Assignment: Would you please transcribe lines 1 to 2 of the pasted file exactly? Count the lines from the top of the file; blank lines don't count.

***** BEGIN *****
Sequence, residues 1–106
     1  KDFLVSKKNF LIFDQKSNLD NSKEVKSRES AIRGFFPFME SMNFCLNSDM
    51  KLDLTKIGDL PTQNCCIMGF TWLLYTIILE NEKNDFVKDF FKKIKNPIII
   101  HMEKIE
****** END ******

Sequence, residues 1–106
     1  KDFLVSKKNF LIFDQKSNLD NSKEVKSRES AIRGFFPFME SMNFCLNSDM